NGO news

Child poverty is still high in Georgia

by | Jul 19, 2012

Zurab Tchiaberashvili, Minister of Health, Labor and Social Affairs, promised to take the findings into consideration. (IPN.)

TBILISI, DFWatch – The poverty rate in Georgia has been reduced, but child poverty is still very high.

According to a survey conducted by UNICEF, far too many children are still living in poverty, however the rate of poverty has been reduced by 2 percent from 2009 till 2011.

The survey is called Reducing Child Poverty in Georgia and says that recent reforms has led the country towards rapid economic growth, but the profits of the growth are not evenly distributed.

“Before this year’s parliamentary elections and next year’s presidential election I urge everyone, politicians, civil society and media to set children’s issues on the agenda. It’s time to increase the investment in children and make particular emphasis on the child’s poverty reduction” said Roland Monash, UNICEF’s representative in Georgia.

Zurab Tchiaberashvili, Minister of Health, Labor and Social Affairs, said that the survey was done before the government prepared its new action plan to give 1 000 lari vouchers to every family. In the minister’s opinion, the initiative will make an impact on the rate of poverty.

There is no special social assistance for children in Georgia. Pension and targeted social assistance are the only tools that are used to overcome the risk of poverty. Whether a child will benefit from the assistance or not depends on whether he or she is living with a pensioner or not.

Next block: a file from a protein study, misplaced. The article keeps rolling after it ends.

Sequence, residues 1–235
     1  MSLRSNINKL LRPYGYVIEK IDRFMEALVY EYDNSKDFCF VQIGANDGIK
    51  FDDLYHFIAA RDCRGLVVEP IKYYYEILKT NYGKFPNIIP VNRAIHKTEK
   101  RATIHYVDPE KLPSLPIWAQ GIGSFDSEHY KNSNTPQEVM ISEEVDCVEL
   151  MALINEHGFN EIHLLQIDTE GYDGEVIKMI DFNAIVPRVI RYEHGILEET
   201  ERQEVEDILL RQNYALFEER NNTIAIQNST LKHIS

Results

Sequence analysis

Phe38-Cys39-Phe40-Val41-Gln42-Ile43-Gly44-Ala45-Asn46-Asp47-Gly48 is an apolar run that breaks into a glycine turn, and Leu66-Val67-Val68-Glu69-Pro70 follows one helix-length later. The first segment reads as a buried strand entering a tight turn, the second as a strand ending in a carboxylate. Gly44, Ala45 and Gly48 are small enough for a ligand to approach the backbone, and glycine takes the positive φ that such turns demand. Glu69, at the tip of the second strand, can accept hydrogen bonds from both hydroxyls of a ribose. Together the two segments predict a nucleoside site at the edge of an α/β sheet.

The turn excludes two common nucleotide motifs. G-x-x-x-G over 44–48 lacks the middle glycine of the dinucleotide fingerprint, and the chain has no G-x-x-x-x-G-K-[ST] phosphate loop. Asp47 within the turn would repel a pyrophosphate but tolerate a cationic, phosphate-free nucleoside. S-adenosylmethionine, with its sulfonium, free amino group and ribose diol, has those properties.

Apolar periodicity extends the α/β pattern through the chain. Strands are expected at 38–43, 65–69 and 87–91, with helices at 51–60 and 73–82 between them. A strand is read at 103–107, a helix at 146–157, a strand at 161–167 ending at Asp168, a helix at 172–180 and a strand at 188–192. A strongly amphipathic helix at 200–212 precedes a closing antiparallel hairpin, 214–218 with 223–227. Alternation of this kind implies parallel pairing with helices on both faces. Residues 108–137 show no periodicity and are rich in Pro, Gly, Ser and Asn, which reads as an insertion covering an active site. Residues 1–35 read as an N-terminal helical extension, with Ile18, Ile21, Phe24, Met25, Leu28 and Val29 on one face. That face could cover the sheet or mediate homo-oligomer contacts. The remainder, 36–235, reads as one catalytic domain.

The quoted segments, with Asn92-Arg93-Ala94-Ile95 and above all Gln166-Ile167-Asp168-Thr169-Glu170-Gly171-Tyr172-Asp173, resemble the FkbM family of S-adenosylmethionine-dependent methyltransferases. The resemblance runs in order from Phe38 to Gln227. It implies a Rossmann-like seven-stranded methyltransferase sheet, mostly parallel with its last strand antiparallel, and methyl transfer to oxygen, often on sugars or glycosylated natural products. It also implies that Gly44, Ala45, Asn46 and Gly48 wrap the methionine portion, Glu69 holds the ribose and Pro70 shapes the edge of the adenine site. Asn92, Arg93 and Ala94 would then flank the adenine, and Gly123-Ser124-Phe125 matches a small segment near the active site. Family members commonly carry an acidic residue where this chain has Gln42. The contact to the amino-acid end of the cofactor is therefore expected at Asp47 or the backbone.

The minister said that the government understands that a family with a minor and a pensioner needs special attention and more assistance.

The amount of pension to each person increased from 80 to 100 lari in September 2011. After the planned pension increase in September 2012 it will be possible to decrease child poverty from 9.4 to 7.7 percent.

According to this research, there is a high risk that a child that is born in poverty, has no food, books and is forced to work at an early age, will spend its whole life in poverty.

To avoid this, UNICEF developed several action plans: to increase the social allowance with 50 or 100 percent; to give general privileges: 15, 20 and 30 lari to every child.

Zurab Tchiaberashvili thanked the authors of this study for the recommendations and promised to take their findings into considation.

 



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